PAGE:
The Yankees' lineup continued its struggles in Game 2. Robinson Canó, batting second for the first time since September 2010, grounded out in all four times at bat, with this 0-for-4 performance resulting in an 0-for-26 hitless streak—the longest such barren streak in any single year of postseason play in MLB history.[9] Alex Rodriguez took a called third strike on a changeup in the second and struck out on a foul tip in the fourth, dropping to 2-for-21 with no RBIs in the postseason, including 0-for-18 with 12 strikeouts against right-handers.[10] Curtis Granderson fanned twice, falling to 3-for-25 with 13 strikeouts.

Game 3[edit source | edit]

Tuesday, October 16, 2012 – 8:07 p.m. (EDT) at Comerica Park in Detroit, Michigan[11] Template:Linescore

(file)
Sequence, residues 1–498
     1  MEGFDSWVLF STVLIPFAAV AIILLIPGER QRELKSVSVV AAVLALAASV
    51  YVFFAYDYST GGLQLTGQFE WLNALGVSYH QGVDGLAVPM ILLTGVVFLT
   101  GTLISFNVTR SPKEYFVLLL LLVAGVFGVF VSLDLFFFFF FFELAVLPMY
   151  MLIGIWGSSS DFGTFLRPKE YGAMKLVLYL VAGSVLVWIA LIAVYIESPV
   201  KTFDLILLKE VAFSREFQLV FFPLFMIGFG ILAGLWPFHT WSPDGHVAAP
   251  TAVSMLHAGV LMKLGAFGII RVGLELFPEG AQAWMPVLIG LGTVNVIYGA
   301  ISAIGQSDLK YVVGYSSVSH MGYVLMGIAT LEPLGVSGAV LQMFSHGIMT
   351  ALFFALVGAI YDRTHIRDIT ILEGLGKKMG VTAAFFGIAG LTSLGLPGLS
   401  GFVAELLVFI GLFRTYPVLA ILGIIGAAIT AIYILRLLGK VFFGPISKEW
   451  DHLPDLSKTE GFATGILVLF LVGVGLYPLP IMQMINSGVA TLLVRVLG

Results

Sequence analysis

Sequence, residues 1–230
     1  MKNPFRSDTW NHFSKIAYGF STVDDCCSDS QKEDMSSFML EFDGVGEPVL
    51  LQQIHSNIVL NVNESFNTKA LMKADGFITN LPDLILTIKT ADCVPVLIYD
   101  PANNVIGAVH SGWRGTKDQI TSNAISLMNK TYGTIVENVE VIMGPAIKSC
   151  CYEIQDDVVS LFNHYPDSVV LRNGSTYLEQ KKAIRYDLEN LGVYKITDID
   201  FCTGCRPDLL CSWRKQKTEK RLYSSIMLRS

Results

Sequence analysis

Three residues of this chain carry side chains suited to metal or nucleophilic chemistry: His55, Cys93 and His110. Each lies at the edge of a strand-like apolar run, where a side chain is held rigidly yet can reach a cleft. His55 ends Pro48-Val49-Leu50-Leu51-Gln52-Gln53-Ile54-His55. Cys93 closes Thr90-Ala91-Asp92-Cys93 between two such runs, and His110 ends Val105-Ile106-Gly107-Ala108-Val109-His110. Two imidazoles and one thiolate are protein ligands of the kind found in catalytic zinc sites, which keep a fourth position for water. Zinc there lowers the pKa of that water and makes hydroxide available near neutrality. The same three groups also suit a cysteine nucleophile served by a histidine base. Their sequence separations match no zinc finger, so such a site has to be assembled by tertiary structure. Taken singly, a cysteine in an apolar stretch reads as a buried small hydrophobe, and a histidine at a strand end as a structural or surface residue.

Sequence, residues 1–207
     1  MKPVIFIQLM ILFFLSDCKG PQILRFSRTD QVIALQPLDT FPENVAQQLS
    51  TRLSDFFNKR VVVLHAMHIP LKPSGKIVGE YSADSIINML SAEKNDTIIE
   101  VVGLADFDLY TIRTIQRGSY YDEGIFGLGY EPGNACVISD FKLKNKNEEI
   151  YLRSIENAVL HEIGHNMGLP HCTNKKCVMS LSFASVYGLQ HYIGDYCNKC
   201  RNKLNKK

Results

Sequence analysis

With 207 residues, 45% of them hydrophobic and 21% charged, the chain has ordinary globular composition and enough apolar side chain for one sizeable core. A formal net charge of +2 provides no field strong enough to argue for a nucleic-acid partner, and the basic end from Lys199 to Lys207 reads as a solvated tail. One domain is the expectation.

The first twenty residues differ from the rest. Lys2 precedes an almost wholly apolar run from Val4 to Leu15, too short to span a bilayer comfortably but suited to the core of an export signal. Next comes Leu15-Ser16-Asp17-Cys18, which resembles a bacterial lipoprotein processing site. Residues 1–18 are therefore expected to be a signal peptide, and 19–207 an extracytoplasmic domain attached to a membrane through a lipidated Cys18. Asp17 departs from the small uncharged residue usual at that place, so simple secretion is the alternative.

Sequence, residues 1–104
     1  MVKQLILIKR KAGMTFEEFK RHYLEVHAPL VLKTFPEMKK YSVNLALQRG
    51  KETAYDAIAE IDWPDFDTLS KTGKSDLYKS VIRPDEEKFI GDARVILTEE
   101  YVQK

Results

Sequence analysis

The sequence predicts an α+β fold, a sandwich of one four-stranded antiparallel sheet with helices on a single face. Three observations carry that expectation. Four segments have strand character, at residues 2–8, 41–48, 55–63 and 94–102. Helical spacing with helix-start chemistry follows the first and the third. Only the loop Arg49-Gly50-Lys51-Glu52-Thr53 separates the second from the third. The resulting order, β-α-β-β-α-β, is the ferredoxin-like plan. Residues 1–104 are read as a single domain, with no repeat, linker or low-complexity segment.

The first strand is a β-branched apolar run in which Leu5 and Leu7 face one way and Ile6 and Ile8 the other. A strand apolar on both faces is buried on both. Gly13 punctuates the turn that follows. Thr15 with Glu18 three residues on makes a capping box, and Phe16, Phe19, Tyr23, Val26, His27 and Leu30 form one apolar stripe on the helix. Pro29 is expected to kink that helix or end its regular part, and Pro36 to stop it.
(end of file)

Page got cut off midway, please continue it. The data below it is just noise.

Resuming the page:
Game 3 saw Justin Verlander pitch for the third time against the Yankees in postseason play. In the previous season's Division Series, Verlander struck out 11 batters, but in the process, he expended 120 pitches and gave up four runs. This time around was different, as the Yankees waited out pitches and struck out only three times against him. Nonetheless, Verlander took a shutout into the ninth inning. He allowed only a pair of singles by Ichiro Suzuki and a leadoff homer by Eduardo Núñez in the ninth. After Brett Gardner grounded out on Verlander's 132nd pitch of the night, the Tigers starter was lifted for Phil Coke. Coke induced a grounder from Suzuki for the second out of the inning, but then gave up consecutive singles to Mark Teixeira and Robinson Canó (Canó's single ended a personal 0-for-29 slump). Postseason star Raúl Ibañez worked Coke to a 3–2 count before striking out on a slider, giving Coke his second save in two games.